|Publication number||US7864953 B2|
|Application number||US 12/056,626|
|Publication date||Jan 4, 2011|
|Filing date||Mar 27, 2008|
|Priority date||Dec 14, 2004|
|Also published as||US20060126831, US20090028342|
|Publication number||056626, 12056626, US 7864953 B2, US 7864953B2, US-B2-7864953, US7864953 B2, US7864953B2|
|Inventors||Julian A. CERRUTI, Matthew Francis Rutkowski, Amal Ahmed Shaheen|
|Original Assignee||International Business Machines Corporation|
|Export Citation||BiBTeX, EndNote, RefMan|
|Patent Citations (20), Non-Patent Citations (2), Classifications (8), Legal Events (4)|
|External Links: USPTO, USPTO Assignment, Espacenet|
Pursuant to 35 USC §120, this continuation application claims priority to and benefit of U.S. patent application Ser. No. 11/011,241, entitled “SYSTEMS, METHODS, AND MEDIA FOR ADDING AN ADDITIONAL LEVEL OF INDIRECTION TO TITLE KEY ENCRYPTION”, filed on Dec. 14, 2004 now abandoned, the disclosure of which is incorporated herein in its entirety for all purposes.
The present invention is in the field of data encryption. More particularly, the present invention relates to systems, methods and media for adding an additional level of indirection to title key encryption mechanisms used for content encryption.
As the use of digital technology becomes more pervasive, content such as television programming, music, and movies are being increasingly delivered to consumers in digital format. Content owners, such as record labels, studios, distribution networks, and artists, desire for their content to only be used by certain users or in certain ways. Protecting the copyrights of these content owners from indiscriminate reproduction and distribution poses a considerable challenge in the digital age, as exact duplicates of the content may often be easily created and transmitted to other users.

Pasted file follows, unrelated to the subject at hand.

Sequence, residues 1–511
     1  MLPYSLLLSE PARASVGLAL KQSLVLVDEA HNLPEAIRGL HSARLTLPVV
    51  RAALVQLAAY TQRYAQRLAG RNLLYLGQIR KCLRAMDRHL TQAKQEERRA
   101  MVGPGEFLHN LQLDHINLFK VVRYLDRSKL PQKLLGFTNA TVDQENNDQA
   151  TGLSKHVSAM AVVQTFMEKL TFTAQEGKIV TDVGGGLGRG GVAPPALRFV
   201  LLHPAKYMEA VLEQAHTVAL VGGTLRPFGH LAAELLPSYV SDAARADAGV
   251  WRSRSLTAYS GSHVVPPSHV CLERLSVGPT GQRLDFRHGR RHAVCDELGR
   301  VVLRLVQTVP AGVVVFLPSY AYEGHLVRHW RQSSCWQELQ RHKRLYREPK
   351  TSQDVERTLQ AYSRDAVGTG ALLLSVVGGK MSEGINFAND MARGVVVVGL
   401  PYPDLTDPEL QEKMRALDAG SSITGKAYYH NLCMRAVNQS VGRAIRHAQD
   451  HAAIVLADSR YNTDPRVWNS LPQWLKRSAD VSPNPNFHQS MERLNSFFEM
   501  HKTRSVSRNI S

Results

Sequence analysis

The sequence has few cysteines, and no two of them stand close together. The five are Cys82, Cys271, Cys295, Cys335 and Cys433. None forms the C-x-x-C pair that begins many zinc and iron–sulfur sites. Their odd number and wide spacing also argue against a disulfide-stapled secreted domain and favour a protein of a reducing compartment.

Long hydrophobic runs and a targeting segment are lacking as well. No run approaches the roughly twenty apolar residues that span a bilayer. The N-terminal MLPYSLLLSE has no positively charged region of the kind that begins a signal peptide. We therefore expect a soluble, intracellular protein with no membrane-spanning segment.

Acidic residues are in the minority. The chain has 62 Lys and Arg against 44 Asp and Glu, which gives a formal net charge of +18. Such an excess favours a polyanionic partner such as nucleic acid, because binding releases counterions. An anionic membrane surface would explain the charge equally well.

Content protection schemes for digital media attempt to protect the content enough to discourage at least casual violations of the content copyright while minimizing the cost and processing power necessary to implement the scheme and making the process as transparent to users as possible. One common type of content protection scheme is to encrypt the content with a key. A recipient of the encrypted content with a copy of the key may decrypt and access the content, while a recipient without a copy of the key (such as a third party attempting to improperly access the content) will be unable to decrypt and access the content. The content owner may also revoke a key if it believes the key has been jeopardized, reducing the ability for users to distribute keys to others (such as by posting the keys on the Internet).
Broadcast encryption schemes allow digital delivery of encrypted content without requiring two-way communication between the recipient and source, eliminating the two-way communications (such as handshakes) necessary for many public distribution systems while potentially improving security. By eliminating two-way communications, the potentially expensive return channel on a receiver may be eliminated, lowering overhead and costs for device manufacturers and users. A home network, for example, that shares content among a cluster of different recording or playback devices, such as stereos, personal computers, and televisions, may use a broadcast encryption scheme to protect content in different forms of storage from unauthorized use. Some broadcast encryption schemes, such as International Business Machine Corp.'s (IBM's) eXtensible Cluster Protocol (xCP), provide for binding protected content to a dynamic cluster of networked recording and playback devices, allowing for the content to be managed under a single protection scheme independent of particular storage or transmission interfaces and protocols. Content in IBM's xCP scheme may move freely among devices in the domain but will be useless to devices outside the domain. Other examples of broadcast encryption applications include Content Protection for Recordable Media (CPRM) media, Content Protection for Pre-Recorded Media (CPPM) media, and Advanced Access Content System (AACS) next-generation media.